It’s the word to watch for 2018 according to trend forecasts, but while ‘irritant-free’ sounds great on paper, it means little when it comes to what we’re putting on our sensitive skin. Judy Johnson reports
I’ve considered my skin to be sensitive for most of my life, having experienced reactions to all sorts of products which everyone else around me were slathering on with glee; which means I have to be very discerning about what’s in my skincare. So when I read in The Future Laboratory’s 2018 beauty forecast that ‘irritant-free’ would be ‘a key beauty watchword in 2018’, on the face of it I was pleased - hurrah, I thought, finally my needs and those of the growing number of women who feel they have sensitive skin are being put first! I mean surely, we’d all want all beauty to be irritant-free as standard, right? After all, it’s a pretty low bar to set.
So why the emergence of this term now? "In the past few years, there has been a shift in beauty towards more natural products as consumers’ desire for transparency in ingredients moves from the things they eat and drink to what they put on their skin,” said the report. "With consumers becoming more educated about synthetic and natural ingredients, the issue will be more narrowly defined in the future.”
Low tolerance for labels
The organic and natural beauty market is most certainly growing; in their 2018 Organic Beauty and Wellbeing report, the Soil Association announced a 24 per cent growth year on year, with £75.9m worth of sales in the UK in 2017 alone. But the natural beauty sector is already known for murky labelling and confusing messaging (transparency is something the Soil Association and others are working on with the new COSMOS certification ). ‘Natural’ is overused by brands who are anything but, ’toxic’ is bandied about without any factual explanation, ‘clean beauty’ is a vague phrase I think we can all agree is as unhelpful as its predecessor clean eating became , and don’t get me started on meaningless reassurances such as ‘ hypoallergenic ’.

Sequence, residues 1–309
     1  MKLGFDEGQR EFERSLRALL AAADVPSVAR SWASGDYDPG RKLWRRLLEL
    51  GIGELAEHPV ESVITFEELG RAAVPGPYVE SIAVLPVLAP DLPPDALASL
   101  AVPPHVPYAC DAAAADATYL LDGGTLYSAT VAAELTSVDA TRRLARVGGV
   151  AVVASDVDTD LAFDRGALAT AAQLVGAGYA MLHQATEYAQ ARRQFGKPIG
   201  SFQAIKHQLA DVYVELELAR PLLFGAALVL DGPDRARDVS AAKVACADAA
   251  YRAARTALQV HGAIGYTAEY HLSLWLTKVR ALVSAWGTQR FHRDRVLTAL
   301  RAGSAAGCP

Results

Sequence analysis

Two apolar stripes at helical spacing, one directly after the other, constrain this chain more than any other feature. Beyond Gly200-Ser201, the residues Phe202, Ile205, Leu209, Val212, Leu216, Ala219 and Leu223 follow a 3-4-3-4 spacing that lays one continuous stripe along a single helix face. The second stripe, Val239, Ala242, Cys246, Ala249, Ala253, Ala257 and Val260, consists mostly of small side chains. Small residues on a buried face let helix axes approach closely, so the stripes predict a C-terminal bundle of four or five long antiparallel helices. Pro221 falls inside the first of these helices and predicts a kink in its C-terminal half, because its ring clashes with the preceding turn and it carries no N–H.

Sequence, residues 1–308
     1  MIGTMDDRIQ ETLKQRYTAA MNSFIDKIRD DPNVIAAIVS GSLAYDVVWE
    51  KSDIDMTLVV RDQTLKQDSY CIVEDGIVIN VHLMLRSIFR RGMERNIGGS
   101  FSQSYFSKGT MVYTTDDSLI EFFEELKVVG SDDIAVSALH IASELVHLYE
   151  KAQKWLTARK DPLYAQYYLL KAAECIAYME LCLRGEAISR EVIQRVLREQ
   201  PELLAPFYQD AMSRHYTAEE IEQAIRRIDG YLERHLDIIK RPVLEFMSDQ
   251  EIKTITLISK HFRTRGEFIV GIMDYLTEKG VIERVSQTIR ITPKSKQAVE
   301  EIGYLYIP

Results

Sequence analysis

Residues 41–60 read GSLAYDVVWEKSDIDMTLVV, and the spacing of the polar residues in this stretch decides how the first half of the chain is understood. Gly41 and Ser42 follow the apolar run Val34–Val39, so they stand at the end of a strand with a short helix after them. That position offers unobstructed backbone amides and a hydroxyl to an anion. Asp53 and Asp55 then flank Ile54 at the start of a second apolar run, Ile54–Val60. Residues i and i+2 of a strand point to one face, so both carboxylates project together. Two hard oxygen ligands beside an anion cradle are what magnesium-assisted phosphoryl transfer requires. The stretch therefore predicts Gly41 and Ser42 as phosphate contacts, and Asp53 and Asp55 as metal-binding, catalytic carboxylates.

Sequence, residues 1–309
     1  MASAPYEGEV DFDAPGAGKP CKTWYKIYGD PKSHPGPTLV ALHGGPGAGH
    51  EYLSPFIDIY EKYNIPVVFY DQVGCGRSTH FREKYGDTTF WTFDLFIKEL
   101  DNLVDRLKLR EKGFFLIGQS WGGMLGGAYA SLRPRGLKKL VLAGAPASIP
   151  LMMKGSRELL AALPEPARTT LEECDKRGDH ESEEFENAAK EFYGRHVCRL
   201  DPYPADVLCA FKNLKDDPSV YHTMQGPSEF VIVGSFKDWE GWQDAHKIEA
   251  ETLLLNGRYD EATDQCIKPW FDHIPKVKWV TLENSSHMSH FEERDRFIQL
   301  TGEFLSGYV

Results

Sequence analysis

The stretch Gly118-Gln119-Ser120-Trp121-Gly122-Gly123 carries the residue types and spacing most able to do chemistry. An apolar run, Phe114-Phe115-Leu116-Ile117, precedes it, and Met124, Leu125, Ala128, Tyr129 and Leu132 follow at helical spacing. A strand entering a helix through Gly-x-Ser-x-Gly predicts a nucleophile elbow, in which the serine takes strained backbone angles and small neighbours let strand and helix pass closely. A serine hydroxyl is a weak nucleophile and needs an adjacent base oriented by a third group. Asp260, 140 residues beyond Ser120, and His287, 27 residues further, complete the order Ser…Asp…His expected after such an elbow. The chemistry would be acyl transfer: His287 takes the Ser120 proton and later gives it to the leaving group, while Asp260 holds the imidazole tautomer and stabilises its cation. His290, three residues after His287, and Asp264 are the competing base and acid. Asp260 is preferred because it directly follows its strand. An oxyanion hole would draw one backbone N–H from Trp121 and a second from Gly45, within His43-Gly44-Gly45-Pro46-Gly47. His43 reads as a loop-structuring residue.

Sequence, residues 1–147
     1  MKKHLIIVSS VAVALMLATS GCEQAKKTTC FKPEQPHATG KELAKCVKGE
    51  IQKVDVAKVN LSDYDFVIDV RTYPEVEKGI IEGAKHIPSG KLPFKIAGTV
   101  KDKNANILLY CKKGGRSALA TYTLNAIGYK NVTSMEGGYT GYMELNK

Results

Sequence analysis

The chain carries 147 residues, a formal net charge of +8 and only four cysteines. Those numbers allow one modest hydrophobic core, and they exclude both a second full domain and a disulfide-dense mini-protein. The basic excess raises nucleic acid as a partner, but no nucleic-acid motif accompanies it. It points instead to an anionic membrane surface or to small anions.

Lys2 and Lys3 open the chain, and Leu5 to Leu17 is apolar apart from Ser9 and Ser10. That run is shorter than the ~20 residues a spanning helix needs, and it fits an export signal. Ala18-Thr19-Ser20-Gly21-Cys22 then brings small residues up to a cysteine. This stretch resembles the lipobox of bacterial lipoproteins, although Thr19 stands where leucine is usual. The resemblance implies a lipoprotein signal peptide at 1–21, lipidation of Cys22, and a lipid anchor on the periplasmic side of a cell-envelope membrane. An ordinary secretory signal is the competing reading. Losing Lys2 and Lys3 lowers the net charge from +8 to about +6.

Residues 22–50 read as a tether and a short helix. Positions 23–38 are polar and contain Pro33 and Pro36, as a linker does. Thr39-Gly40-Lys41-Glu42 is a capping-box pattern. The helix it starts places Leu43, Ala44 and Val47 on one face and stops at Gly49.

unless brands follow a standardised consensus on what it means, it becomes yet another confusing label that, in the end, means nothing for the end consumer.
"Claims of ‘natural’ will no longer be enough for beauty brands. As consumers seek efficacious formulas that truly protect their skin, beauty ingredients will come under increased scrutiny,” the Future Laboratory’s report went on. "Next year, ‘zero-irritants’ will become the new standard in natural beauty.” So could ‘irritant-free’ really be the ‘narrow' definition we’re all craving for our sensitive skin?
Therein lies the issue; it’s anything but specific. My personal definition of ‘irritant-free’ would be something that’s free from fragrance , SLS, high levels of essential oils and chemical sunscreens , because they’re the ingredients I know I have problems with. For you, it might be something completely different - and more importantly, unless brands follow a standardised consensus on what it means, it becomes yet another confusing label that, in the end, means nothing for the end consumer.